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Another suicide has hit Foxconn's Shenzhen plant. According to a recent report one in six employees at the plant were physically abused by the company.  (Source: Telegraph UK)
Workers are reportedly toiling under sweat-shop conditions, abuse to produce popular electronics

A recent expose by a state-run news agency in China revealed that approximately one in six workers at electronics manufacturing giant Foxconn had been physically abused by their employer.  Foxconn, a subsidiary of Taiwan's Hon Hai Precision Industry Co Ltd, responded quickly, saying the employees were lying and that its working atmosphere was "positive".

How "positive" that atmosphere really is has been brought into question yet again as yet another young employee has died in what appears to be a suicide.  The 23-year-old male was found dead outside a dormitory early on Friday.

Previously this year there had been 13 confirmed suicides at Foxconn's Chinese factories.  Despite China's high suicide rate, the suicides are unusual.  Most suicides in China occur among older rural residents -- heavily older rural females.  The Foxconn deaths though have been largely young males, living in an urban setting -- a demographic that has a much lower average suicide rate.

Employees interviewed by multiple Chinese news organizations report abuse and hellish working conditions.  The government is growing increasingly frustrated with Foxconn as they feel the company is casting the nation in a negative light and that the suicides may be caused by the poor conditions at the plants.

Other employees have died under questionable circumstances and may have committed suicide as well.  At least one employee is thought to have been worked to death.

Foxconn commands a lot of power in the electronics industry, though.  It is the primary manufacturer for Apple, Inc. making the company's popular iPhones, iPods, iPads, and Mac computers.  The company also makes hardware for Dell, HP, Microsoft, Nintendo, and more.  If you walk into a Best Buy store's electronics section it is a fair bet that the majority of products were at least partially assembled by Foxconn.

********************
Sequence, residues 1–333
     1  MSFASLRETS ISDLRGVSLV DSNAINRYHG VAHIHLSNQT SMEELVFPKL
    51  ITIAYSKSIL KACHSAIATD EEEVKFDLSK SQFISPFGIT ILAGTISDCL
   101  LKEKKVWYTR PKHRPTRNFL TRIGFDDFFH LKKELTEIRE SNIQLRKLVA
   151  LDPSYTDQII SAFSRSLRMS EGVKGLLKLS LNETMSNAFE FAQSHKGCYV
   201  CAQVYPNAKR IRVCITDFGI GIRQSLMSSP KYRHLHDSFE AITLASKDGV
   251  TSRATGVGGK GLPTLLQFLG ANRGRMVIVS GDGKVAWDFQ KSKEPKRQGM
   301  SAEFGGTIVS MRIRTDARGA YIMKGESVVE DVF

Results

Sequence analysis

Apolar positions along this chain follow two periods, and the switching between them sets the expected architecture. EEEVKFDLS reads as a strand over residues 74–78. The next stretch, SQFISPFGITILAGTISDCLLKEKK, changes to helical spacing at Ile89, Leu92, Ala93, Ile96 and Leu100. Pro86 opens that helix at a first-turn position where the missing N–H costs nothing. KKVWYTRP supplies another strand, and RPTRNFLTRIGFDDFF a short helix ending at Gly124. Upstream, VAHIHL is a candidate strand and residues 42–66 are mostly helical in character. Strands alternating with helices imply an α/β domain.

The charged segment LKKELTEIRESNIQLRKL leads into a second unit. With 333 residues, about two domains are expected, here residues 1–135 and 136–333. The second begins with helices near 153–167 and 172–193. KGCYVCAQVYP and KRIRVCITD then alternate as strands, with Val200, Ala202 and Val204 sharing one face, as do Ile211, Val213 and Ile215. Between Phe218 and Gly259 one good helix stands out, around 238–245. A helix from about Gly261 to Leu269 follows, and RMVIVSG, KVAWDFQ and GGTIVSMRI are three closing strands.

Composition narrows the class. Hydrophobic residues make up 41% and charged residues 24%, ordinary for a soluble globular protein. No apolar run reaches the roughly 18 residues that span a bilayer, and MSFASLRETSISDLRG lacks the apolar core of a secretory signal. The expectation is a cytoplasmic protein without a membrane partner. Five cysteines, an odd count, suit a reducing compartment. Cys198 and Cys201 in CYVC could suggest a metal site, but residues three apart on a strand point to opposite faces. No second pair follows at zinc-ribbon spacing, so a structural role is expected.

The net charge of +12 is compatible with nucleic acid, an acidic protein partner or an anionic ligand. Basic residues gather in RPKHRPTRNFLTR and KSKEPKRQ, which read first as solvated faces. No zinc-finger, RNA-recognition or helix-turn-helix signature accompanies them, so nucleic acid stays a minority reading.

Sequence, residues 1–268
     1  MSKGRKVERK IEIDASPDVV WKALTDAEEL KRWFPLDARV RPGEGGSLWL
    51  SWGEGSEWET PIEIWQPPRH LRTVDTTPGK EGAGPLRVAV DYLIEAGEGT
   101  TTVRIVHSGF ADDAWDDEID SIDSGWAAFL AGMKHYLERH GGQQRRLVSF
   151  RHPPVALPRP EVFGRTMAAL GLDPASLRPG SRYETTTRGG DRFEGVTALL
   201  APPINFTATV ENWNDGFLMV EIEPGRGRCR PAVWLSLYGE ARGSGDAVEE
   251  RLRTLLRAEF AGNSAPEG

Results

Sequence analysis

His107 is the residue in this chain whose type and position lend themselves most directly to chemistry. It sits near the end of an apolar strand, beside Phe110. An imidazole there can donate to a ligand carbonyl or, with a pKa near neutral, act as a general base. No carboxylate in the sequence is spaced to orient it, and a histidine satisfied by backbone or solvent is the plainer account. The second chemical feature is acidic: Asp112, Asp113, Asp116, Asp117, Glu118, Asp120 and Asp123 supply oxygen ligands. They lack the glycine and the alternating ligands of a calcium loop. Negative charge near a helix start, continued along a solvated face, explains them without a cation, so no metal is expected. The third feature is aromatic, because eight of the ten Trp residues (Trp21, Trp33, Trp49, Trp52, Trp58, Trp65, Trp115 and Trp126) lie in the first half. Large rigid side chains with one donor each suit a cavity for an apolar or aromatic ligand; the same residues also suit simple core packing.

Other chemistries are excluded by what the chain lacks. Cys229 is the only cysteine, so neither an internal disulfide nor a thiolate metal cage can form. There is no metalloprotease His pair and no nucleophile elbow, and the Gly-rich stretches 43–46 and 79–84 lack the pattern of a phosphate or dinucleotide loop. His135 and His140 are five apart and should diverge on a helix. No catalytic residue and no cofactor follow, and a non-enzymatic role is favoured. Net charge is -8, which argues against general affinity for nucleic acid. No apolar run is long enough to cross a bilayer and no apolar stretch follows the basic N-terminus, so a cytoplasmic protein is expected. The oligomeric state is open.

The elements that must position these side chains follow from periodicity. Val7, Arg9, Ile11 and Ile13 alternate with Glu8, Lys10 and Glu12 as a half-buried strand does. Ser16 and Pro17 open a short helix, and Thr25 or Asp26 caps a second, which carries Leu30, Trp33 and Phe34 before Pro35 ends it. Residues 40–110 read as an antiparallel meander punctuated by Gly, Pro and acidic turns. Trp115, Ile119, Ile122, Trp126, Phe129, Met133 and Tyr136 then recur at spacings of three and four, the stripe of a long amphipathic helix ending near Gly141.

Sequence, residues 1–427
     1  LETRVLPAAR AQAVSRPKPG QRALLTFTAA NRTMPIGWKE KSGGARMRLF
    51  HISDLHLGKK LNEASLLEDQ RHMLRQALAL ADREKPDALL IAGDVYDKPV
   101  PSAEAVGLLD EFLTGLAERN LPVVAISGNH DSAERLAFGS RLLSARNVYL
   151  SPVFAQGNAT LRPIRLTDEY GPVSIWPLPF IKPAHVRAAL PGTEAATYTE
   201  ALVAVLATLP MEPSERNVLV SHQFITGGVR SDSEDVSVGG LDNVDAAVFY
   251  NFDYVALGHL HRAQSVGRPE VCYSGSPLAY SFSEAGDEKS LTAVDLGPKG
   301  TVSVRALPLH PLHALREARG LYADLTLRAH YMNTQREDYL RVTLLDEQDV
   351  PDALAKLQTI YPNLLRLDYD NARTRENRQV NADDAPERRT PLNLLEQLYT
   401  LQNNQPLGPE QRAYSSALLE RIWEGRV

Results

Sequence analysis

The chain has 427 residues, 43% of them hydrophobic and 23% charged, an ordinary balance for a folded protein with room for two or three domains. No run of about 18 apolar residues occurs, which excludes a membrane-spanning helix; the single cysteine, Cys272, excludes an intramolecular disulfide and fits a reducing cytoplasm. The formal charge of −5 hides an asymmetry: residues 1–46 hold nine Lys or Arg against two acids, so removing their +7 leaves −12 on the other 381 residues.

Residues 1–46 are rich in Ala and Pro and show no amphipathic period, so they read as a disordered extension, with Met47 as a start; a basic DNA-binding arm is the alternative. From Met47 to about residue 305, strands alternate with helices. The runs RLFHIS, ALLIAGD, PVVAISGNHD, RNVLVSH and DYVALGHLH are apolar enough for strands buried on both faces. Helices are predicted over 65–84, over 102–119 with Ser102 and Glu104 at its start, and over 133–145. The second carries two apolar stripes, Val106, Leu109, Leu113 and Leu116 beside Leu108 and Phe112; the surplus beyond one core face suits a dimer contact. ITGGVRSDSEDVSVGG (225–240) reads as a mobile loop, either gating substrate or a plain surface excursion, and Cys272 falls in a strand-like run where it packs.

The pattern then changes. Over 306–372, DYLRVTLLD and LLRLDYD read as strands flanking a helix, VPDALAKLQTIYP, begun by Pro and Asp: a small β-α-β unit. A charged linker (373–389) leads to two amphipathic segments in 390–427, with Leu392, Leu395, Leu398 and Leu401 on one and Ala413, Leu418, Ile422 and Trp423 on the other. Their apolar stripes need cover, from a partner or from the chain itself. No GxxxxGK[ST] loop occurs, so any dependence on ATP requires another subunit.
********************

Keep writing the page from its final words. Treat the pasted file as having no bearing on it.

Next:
Despite the reportedly sweat-shop working conditions many young people have journey to Foxconn's massive factory towns that house hundreds of thousands of workers, lured by the promise of steady income and higher wages.  When they get there, though, many become homesick and bemoan the lack of promised raises.

Foxconn promised to give its employees a big raise to curb suicides and possibly move employees to midwest China, closer to its workers' homes.  According to investigative reports it has done neither.



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RE: Boycott Apple
By The Raven on 11/5/2010 12:28:52 PM , Rating: 2
The only way to fix this detachment problem is to get rid of the minimum wage. It is easy for us to employ people living on wages of that standard if those workers aren't in our country.
But do it in our country and it is criminal (like allowing legal immigrants from Mexico to work at rates they would be willing to).

Whatever makes all you people feel good. That is what the US has become. It doesn't matter if it makes sense or if it even makes a difference in the environment. Just so long as it feels good to vote for it or buy it.

Put the free market to work and it will return the favor.


RE: Boycott Apple
By kingius on 11/5/2010 12:35:02 PM , Rating: 1
Yeah and an invisible hand will come along and save us all. Tell us another fairy tale, why not.


RE: Boycott Apple
By The Raven on 11/5/2010 3:31:53 PM , Rating: 1
You got a better story? One that makes sense? Or is it just a feel good everyone lives happily ever after tale based in some fantasy land?

Mine's based on a true story.


RE: Boycott Apple
By Dylock on 11/8/2010 2:40:18 PM , Rating: 2
'The Raven' is right. We can't legislate for other countries where our products are made, but we can stop sending jobs there by doing one of the following...
A) Place an import tax on products based on the differences in wage earnings in that country (this would solve some of our trade deficit problem too)
B) Remove our minimum wage to become competitive. If things are cheaper to make here, then the jobs here can be legislated to be made fair

Option A is wiser at this time, from my understanding


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